At the intersection of visual art and literature, the exhibition Yes, a falling tree makes a sound (and it has a lot to say) explores possible narratives. The exhibition is curated by Helena Aðalsteinsdóttir and takes place at Kling & Bang, an artist-run space in Reykjavík, Iceland. Aðalsteinsdóttir is partly based in London and partly in Reykjavík, and she finished her MA in curation from Central Saint Martins last year.
As the name exemplifies, the exhibition has a solid philosophical ground that draws on political, linguistic and metaphysical topics. When a tree falls in a forest, in technical terms, it emits soundwaves. Sound, however, is a sensation. If no one experiences the sensation, does the sensation exist? Is there a difference between the event occurring, the technical, and the perception of the event? Aðalsteinsdóttir reframes the question to ask: what if the tree fell, and no one was listening? What do our sensations of a situation disclose? Might there be alternative ways of listening? The artists and exhibition drew inspiration from feminist sci-fi to imagine a reality different from ours, where current power structures have been disintegrated or never existed in the first place.
In the exhibition Lucky Me? the art-collective Lucky 3, consisting of Darren Mark, Dýrfinna Benita Basalan, and Melanie Ubaldo, draws to attention their experiences that fall in between identification with- and marginalization of the Filipino community and culture. They invite, as they say in the catalogue, a mostly white audience (including me), to experience a reconstructed nostalgia that is not of the audience’s own—while serving as a celebration of the Filipino community in Iceland.
Installations, videos, clothes, and karaoke are all parts of the engrossing whole that makes up the cultural reminiscence that Lucky Me? consists of. Situated in the white and cold space of Kling & Bang in Marshallhús, and taking place in the darkest days of winter; the exhibition is warm, welcoming, and personal while still being true to one of its core messages of displacement, and mixed feelings of self-identity. The experience of the contrasting elements were inviting and thought-provoking simultaneously. Which left me with the feeling of political awareness of the multicultural reality that we inhabit today in a good way. That is, the cultural breadth of a society is a gift worth appreciating, within an artistic context as well as outside of it.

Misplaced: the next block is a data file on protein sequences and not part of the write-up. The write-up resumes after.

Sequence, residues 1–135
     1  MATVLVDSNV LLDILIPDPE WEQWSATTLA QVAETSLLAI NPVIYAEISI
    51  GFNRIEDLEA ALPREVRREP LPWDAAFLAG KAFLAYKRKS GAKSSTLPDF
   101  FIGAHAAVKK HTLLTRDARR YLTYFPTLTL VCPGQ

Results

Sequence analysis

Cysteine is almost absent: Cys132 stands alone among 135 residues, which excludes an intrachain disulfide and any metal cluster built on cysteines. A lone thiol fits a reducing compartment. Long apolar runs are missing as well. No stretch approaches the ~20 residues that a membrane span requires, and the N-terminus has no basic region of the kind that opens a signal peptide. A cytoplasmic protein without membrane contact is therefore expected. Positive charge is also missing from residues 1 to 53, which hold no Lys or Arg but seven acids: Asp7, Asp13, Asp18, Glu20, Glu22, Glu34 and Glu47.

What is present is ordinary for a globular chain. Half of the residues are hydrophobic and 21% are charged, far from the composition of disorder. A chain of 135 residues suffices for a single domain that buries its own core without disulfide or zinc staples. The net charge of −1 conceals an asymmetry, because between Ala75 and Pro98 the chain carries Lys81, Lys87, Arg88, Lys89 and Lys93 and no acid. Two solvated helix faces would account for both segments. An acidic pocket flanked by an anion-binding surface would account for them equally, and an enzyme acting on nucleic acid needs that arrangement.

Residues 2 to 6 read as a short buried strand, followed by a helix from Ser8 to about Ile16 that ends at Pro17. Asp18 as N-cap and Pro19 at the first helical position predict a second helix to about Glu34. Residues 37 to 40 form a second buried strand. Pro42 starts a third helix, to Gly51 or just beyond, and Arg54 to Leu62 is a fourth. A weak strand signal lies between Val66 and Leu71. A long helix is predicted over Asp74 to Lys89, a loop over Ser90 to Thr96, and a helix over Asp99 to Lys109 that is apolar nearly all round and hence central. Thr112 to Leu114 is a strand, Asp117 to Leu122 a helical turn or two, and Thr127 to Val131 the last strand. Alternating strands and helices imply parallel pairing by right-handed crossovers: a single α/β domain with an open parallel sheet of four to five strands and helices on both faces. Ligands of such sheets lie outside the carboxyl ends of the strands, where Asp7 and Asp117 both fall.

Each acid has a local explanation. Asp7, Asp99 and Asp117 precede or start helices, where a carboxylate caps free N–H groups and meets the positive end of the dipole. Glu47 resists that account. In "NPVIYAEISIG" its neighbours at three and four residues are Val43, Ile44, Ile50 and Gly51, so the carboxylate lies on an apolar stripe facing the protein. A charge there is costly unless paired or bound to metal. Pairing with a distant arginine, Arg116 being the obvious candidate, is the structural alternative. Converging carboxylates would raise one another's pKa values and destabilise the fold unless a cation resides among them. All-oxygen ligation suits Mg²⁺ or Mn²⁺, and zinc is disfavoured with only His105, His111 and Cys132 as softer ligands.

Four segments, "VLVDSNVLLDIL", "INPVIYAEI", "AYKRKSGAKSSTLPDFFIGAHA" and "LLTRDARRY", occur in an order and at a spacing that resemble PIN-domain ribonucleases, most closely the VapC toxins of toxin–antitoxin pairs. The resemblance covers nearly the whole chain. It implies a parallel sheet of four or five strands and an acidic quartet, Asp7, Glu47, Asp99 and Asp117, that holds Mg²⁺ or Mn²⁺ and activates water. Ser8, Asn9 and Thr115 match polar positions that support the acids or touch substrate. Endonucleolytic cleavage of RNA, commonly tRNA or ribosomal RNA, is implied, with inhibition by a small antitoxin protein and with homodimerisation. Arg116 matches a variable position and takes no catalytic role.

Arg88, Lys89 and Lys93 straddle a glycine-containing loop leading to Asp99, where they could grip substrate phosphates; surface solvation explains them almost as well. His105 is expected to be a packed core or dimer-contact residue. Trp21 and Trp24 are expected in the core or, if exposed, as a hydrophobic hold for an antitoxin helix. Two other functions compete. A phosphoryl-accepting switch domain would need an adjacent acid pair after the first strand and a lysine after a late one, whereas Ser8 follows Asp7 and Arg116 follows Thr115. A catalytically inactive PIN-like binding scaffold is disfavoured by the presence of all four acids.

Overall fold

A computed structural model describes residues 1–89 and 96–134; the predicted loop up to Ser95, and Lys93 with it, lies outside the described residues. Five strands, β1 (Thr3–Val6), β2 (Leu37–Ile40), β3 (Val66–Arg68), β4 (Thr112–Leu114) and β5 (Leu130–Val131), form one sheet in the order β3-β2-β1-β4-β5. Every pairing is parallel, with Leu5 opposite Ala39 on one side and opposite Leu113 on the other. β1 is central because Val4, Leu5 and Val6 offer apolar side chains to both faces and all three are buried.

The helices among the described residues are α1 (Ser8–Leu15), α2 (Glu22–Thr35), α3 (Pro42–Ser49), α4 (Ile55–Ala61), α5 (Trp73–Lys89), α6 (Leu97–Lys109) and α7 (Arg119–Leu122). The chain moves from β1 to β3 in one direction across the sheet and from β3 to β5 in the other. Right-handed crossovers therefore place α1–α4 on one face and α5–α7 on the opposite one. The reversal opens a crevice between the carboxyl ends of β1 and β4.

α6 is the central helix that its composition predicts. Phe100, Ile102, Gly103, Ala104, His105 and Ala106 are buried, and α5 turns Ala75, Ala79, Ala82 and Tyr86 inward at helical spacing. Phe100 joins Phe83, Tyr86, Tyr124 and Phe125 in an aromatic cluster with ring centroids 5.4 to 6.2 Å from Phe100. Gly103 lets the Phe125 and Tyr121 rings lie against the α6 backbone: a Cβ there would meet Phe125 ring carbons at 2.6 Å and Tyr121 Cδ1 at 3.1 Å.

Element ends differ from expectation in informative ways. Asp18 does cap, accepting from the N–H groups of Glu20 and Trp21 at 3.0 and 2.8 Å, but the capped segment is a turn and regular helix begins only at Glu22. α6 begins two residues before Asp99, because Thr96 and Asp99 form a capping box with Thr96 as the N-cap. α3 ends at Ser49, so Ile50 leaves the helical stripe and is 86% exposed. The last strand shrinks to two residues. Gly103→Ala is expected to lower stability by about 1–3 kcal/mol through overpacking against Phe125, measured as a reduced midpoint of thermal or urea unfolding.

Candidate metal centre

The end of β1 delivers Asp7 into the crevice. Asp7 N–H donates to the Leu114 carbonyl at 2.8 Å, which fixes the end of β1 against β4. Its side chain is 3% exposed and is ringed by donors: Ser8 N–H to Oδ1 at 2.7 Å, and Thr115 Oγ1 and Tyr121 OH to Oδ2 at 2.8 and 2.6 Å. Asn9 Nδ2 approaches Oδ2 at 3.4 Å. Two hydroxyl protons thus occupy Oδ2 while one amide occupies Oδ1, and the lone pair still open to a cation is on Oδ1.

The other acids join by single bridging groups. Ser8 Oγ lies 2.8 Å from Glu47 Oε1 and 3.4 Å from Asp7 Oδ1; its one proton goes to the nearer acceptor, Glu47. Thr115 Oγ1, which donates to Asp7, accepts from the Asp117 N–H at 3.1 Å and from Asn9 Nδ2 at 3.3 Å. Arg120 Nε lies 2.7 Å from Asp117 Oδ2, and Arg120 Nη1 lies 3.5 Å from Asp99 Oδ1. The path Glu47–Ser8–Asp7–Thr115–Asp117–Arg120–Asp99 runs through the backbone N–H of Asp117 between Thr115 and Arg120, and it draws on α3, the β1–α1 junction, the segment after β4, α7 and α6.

Embroidery lies at the heart of Icelandic artist Loji Höskuldsson’s visual art. He uses embroidery to highlight a particular Icelandic nostalgia: a yearning for summer.
His art is playful, sincere, and speaks to the viewer warmly. With a hint of imperfection, it has a relaxed tone with a touch of humor. In his practice, he manages to contrast the delicate and often tedious craft of embroidery to the transient nature of the summer days the embroidery symbolizes.
Having fun during the creative process is imperative for Höskuldsson. He enjoys what he does and has kept his mediums broad, from performance art and music to the still life he emphasizes in his work today.
We sat down and talked to Höskuldssons during a beautiful summer day, not dissimilar to the type he tries to capture in his art: